Panamax weighs down on Capesize, long-term remains favorable (Part 1 of 7)
Baltic Dry Index
Since rising from mid-February 2014, the BDI (Baltic Dry Index) has come back down again. The BDI is a benchmark index used to assess the overall cost of moving dry bulks such as grain, iron ore, grain, nickel ore, and fertilizers across ocean in the spot market. In the spot market, ships are hired for one time trips, rather than for specific period of time.
The Baltic Exchange also publishes index for specific classes as well. The two that are important to companies such as DryShips Inc. (DRYS), Navios Maritime Holdings Inc. (NM), Navios Maritime Partners LP (NMM), and Diana Shipping Inc. (DSX) are the Indexes for Capesize and Panamax vessels. These are large ships used to primarily haul iron ore, coal, and grain–although they are also affected by minor bulks such as nickel ore, bauxite and steel, given some substitutability of different vessel sizes.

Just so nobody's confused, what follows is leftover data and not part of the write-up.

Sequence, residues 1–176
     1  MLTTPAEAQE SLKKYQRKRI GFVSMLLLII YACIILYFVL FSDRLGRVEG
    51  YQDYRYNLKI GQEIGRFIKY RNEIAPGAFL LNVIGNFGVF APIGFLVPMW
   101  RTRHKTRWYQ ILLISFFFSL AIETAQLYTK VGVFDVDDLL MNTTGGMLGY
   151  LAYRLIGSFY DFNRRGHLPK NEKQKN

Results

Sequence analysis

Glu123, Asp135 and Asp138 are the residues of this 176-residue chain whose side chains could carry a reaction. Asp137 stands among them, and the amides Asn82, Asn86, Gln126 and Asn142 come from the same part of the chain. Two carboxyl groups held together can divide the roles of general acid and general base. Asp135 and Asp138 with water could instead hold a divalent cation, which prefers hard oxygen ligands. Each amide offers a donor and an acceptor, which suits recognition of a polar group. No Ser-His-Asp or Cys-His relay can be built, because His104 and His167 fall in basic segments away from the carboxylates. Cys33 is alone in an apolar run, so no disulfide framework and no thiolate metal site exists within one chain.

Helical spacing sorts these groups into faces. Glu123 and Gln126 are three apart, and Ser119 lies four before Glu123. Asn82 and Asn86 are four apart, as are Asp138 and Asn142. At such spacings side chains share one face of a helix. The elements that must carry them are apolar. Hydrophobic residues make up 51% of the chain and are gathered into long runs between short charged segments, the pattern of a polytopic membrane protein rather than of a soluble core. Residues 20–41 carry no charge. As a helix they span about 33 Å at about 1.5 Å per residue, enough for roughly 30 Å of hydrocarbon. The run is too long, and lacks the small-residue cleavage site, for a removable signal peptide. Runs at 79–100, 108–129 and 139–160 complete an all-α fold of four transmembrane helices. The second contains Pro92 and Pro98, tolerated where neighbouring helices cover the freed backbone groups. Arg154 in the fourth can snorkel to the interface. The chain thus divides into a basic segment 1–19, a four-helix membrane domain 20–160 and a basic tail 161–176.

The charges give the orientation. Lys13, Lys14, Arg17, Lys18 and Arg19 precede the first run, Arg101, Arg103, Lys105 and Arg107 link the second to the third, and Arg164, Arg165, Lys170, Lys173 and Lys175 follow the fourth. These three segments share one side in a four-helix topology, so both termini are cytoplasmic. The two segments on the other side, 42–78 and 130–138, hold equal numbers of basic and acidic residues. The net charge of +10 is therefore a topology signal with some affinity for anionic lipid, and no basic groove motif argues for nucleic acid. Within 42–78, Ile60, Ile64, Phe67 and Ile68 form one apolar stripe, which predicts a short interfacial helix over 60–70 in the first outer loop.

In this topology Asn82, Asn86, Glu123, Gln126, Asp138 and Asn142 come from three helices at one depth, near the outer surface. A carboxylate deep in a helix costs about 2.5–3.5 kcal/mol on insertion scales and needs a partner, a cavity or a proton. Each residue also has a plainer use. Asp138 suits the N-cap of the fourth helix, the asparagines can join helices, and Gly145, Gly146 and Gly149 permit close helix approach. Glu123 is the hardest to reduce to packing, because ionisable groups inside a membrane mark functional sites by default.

On April 2, 2014, the Baltic Capesize Index stood at 2,418, down 139 points from last Friday. Panamax vessels is also experiencing weakness, dropping 111 from 978 over the same period. On a year-over-year basis, Capesize Index is up 100%, while Panamax vessels are down by 21.61%. The yearly data is provided to somewhat account for the shipping industry’s seasonality.
The weakness in the Panamax Index suggests high supply or weak demand for the particular class of vessel. As a consequence, it’s dragging down the performance of Capesize and the overall Baltic Dry Index, which could put downward pressure on the Guggenheim Shipping ETF (SEA) and dry bulk shipping companies. However, as the yearly BDI remains positive, the long-term trend still remains favorable–unless we’re closer to the start of a downward industry cycle.
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